Wednesday, 1 September 2010

Tempus Fugit

Time is never time at all, you can never ever leave without leaving a piece of youth...

Fuck you, Billy Corgan. You're a bald, arrogant tit whose best years are behind you. But then, you wrote "Tonight, Tonight" which has that opening line, and also references Chicago ("...and the embers never fade in your city by the lake, the place where you were born") so I guess I'll let you off this time. I have plenty of scathing rants set aside for you, one day...

The point is, time. I'm six hours ahead of where I want to be. Does this mean I can see the future? No, don't be stupid.

They didn't used to have time. They watched the sun rise, and set. They watched the moon wax and wane. They watched the seasons change. This makes a lot of sense. Oh, they invented candles with markers to watch the passage of the day or night burn away, and water clocks, that dripped and gave some nasty Orientals some funny ideas about how to drive people mad (there's a nice metaphor there; if I were a less lazy writer I'd tie that in to time/waiting/ Poe's "The Tell-Tale Heart" but I don't have it in me tonight). There were clocks, sure, but all more or less different. Then some smart alec went and invented the train, and time got standardised. You knew the time in London was the same as in Newcastle (where England's first ever sundial was erected. No laughing in the back!).

John Steinbeck (pay attention to this; my blogs will mention him at least as often as Bruce Springsteen) once wrote that "the split second has been growing more and more important to us. And as human activities become more and more intermeshed an integrated, the split tenth of a second will emerge, and then a new name must be made for the split hundredth, until one day, although I don't believe it, we'll say, 'Oh, the hell with it. What's wrong with an hour?'"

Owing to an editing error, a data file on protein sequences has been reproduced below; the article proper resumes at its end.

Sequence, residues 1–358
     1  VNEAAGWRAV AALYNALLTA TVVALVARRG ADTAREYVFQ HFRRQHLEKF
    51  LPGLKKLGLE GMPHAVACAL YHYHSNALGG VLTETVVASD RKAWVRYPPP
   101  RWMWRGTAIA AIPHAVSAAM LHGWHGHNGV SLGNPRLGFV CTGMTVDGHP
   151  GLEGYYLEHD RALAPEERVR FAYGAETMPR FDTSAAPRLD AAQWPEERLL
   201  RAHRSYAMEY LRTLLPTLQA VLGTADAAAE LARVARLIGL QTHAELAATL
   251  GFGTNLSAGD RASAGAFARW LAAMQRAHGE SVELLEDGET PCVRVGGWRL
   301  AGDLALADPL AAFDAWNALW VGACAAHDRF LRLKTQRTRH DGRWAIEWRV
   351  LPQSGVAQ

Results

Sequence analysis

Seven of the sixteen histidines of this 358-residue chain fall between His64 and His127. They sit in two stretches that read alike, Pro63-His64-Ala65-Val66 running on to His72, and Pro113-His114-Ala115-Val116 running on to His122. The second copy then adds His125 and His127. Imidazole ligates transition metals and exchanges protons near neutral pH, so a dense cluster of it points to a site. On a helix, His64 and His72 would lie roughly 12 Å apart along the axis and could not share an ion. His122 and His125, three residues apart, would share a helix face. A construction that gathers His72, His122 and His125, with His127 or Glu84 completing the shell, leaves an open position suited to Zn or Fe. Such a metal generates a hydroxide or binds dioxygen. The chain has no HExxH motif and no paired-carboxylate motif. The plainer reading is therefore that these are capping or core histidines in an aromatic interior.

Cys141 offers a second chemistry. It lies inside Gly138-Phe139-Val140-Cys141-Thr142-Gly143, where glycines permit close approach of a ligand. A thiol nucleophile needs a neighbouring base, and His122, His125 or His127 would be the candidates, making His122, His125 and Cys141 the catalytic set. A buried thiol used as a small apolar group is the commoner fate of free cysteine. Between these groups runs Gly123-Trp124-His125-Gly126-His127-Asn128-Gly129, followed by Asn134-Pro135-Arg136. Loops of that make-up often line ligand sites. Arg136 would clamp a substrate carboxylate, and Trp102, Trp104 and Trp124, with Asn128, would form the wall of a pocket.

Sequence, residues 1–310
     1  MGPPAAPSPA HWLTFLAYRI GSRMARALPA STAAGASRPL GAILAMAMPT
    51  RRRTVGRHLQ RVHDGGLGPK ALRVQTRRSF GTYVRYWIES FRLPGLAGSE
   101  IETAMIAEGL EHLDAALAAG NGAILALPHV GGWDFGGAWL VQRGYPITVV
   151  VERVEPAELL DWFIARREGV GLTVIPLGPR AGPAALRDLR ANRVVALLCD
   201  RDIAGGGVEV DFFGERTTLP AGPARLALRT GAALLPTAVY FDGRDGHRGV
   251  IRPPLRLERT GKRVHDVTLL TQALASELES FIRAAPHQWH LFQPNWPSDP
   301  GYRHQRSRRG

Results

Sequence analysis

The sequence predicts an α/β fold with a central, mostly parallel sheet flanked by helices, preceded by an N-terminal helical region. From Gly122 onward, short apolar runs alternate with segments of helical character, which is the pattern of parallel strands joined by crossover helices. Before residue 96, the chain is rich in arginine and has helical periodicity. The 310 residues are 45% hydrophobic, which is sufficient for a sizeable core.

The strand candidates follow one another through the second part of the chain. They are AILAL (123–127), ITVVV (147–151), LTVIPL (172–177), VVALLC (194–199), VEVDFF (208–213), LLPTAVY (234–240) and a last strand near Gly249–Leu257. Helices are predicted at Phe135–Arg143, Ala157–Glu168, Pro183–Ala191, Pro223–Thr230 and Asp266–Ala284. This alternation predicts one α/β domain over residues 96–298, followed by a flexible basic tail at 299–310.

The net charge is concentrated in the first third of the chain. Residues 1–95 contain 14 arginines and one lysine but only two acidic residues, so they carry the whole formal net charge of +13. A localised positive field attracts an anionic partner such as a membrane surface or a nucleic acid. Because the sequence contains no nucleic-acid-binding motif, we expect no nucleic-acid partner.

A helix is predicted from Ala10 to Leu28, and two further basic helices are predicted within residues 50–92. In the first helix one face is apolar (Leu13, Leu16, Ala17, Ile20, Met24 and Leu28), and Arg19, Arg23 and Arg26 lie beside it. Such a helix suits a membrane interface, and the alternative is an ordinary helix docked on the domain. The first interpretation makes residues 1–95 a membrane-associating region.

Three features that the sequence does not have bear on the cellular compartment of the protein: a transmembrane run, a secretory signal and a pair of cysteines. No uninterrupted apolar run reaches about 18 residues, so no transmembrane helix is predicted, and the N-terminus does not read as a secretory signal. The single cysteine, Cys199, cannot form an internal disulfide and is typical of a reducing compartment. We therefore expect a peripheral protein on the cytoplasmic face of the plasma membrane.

He was right, obviously. Who among us (I'm appealing to a very particular type of reader here, coincidentally just the sort who's likely to be reading this) hasn't sat at a computer, feverishly refreshing a browser from 8:55 onwards, waiting for tickets to see some band appear on sale? The split second can make the different between leaning on a rail watching your heroes go for broke, and sitting at home with a tub of ice cream and some really rubbish porn because there's nothing else to do because all your friends are at the show.

The (further) point is: time is on my mind right now. I think in terms of months ago, weeks to go, and years to come. Sometimes I spend many minutes thinking about time and I have to stop before I trap myself in a time-loop and all I can think about is time and it goes around and around and slows down to a point where it doesn't even feel like it's moving at all. Most days at work feel like this.

A month can feel like a year, and a week like an hour. Memory is cruel; mine is particularly poor. If you have a great memory you can remember all the broad-grinned reunions at arrivals, but also all the heart-wrenching departures at, um, departures. Memory is not an airport, memory is time's chum-bucket. So much of it gets thrown to the sharks, but some sticks to the sides, almost at random. I promise, this is the last of my awful aquatic-memory metaphors.

Then you've got anticipation, which distorts time because it's impossible to perceive the future. You can get lost in daydreaming about the future, but eventually come back to the present. It's kind of disorientating.

And then we have the present, which is, just to make matters more confusing, right now but also six hours ago, or six hours from now. Which is kind of the problem. We've kind of got it the wrong way around. I go to bed early, and live six hours in the future. She stays awake late, and lives in the past. We get very narrow windows when we are both awake and capable of coherent conversation.

And half the time we get to spend together in the same location one or the other of us is jetlagged. Shit, what if we're only capable of conversation when one of us is exhausted? I really didn't consider this. I must be banned from coffee in the mornings and she must be given a carefully-measured dose of bloody mary around 4pm. Reality TV must be on heavy rotation around the clock; nothing sends me to sleep like that junk. We're gonna have to get into huge picnics followed by excessive hiking. We must not be perky! We must be exhausted! We will go gentle into that good night, and we will sleep late and eat a heavy breakfast afterward!

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